According to scientists, age may be more than a number. Instead, it is at least nine different numbers. Different organs or body systems are ageing at different rates according to specific biological clocks.
Is age only skin deep?
Scientists, along with septuagenarian ultramarathon runners and anyone followingCheron Twitter, have long suspected that our chronological age is a misleading measure. Since the 1960s, the notion of calculating biological age, a value that would further accurately reflect our health and lifespan.
Biomedical science has flexed the muscles of modern technology to produce estimates based on chemical alterations to our DNA or our bodies complement of RNA and proteins. However, recent advances in multiomics research, where RNA and proteins are combined for a more rigorous examination, have created a space for a much deeper dive into our biological age.
Researchers based primarily in Shenzhen in south-eastern China have revealed in unprecedented detail the complexity that drives the aging process.
Over 4,000 volunteers were recruited between the (chronological) ages of 20 and 45, revealing statistics on 403 different features, including components relating to overall health, skin characteristics, gut microbiome measurements, and 74 different measures of their metabolome.
Most human aging studies have been conducted on older people and in cohorts with a high incidence of chronic diseases. We decided to focus on this age range, according to Brian Kennedy of the National University of Singapore.
The team then split this enormous data bank into nine categories and calculated "clocks" for each one.
- Sex hormones
- Facial skin
- Physical fitness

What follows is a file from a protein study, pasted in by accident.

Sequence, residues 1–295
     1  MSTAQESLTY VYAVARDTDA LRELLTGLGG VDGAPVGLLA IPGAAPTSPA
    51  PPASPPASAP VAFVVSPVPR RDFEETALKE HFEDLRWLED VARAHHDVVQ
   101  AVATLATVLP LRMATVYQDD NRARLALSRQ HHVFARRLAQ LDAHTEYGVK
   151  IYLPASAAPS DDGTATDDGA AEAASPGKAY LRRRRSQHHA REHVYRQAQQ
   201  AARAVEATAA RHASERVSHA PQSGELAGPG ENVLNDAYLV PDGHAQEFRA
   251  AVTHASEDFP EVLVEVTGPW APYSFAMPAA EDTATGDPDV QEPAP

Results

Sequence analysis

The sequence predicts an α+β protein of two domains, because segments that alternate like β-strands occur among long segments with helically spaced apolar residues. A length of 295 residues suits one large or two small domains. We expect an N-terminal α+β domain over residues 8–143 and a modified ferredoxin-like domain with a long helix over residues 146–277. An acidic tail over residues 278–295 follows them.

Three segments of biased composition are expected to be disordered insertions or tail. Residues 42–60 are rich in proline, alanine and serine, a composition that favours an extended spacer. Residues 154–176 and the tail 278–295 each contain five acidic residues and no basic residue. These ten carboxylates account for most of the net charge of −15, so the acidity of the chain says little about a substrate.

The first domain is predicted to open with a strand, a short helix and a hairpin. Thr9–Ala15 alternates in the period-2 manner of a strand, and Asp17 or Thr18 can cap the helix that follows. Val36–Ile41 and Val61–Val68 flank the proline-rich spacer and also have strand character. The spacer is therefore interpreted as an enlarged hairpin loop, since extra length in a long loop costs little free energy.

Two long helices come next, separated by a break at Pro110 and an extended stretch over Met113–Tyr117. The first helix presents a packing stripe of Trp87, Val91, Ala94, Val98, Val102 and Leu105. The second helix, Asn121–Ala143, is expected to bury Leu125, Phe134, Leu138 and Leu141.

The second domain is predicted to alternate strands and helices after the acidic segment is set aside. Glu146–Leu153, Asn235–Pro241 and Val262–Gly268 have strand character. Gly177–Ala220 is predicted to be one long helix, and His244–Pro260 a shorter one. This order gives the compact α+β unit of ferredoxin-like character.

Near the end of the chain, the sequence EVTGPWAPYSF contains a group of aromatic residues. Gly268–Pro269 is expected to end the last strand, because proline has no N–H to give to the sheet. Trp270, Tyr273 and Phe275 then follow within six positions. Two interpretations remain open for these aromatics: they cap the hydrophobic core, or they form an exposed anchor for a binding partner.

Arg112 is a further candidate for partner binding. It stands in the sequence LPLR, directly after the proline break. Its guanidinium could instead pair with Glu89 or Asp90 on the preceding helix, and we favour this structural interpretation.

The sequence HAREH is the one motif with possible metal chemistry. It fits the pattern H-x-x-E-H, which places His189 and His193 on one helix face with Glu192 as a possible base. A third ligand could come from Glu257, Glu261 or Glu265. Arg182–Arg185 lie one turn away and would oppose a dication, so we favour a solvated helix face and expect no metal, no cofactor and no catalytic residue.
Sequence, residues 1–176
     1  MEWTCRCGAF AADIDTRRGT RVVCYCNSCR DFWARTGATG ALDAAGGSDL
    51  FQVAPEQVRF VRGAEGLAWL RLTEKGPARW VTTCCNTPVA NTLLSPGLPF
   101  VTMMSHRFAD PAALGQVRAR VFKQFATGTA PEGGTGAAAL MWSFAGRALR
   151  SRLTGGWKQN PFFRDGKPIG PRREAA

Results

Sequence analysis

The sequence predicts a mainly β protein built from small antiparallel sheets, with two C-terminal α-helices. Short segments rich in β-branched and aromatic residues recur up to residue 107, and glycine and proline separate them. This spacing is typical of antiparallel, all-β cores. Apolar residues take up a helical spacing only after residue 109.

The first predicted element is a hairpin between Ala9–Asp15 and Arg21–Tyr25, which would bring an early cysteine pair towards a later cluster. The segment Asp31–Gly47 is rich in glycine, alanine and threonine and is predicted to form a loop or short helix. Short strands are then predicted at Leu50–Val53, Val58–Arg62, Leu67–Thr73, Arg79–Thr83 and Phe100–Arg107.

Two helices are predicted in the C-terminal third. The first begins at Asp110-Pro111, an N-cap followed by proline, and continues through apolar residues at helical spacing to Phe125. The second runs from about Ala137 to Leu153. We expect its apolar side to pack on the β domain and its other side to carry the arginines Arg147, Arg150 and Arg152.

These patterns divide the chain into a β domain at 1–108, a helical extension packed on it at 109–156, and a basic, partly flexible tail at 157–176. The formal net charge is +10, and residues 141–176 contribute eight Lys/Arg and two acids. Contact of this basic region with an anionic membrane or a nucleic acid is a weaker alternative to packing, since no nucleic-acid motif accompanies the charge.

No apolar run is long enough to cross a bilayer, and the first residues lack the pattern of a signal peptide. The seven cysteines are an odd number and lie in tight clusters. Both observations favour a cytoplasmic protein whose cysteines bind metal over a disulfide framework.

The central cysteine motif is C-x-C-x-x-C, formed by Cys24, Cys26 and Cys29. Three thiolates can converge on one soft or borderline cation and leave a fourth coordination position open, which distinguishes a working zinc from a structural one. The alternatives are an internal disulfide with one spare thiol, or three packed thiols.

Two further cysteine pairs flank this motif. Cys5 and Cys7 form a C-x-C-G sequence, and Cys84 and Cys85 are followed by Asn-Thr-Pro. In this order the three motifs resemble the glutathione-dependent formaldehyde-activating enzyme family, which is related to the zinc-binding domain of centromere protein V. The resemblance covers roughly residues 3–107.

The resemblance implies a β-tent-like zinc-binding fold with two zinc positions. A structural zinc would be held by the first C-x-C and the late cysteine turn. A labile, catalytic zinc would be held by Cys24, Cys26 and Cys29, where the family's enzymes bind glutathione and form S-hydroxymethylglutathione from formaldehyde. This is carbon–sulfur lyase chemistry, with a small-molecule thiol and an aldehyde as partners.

- Gut microbiome
Some clocks tick in sync
The authors then calculated different biological age measurements for volunteers, revealing that although variation in an individual cardiovascular age was largely explained by the age on their birth certificate, it could not be said for liver age or renal age, which varies significantly between people with the same chronological age.
The researchers looked at how their different measurements correlated with each other, revealing that while most clocks ticked together, some pairs of clocks were more tightly linked than others. The result of the weak negative correlation between the rate at which the renal system is maturing, implying that a more diverse microbiome might cause the kidneys to develop harder.
The uses of biological age
The team then showed the use of their multiple clocks. The values might be used to demonstrate which component is driving an accelerated aging process in certain individuals, but some individuals may put extra pressure on different body systems, but for some that strain might impact the liver, whereas others nutrition metabolism systems.
Separate data from the National Health and Nutrition Examination Survey (NHANES) were examined to determine if age ratings for the cardiovascular, liver, and renal systems might predict mortality better than any single measure.
The researchers then looked at whether biological age measurements might improve longevity by using a data from the Chinese Longitudinal Healthy Longevity Survey (CLHLS) cohort. This dataset featured over 2,000 middle-aged people and another 2,000 centenarians. Other evidence, according to the authors, had no exceptional predictions. This is due, they believe, to the significant impacts of the environment on our bodies, which they are less likely to judge from purely biological data.
Despite the fact that the results demonstrate the unique ways in which time affects each of us and gives what the authors believe could be useful information for future healthcare. We used biomarkers that could be identified from blood and stool samples as well as some measurements from a routine body checkup.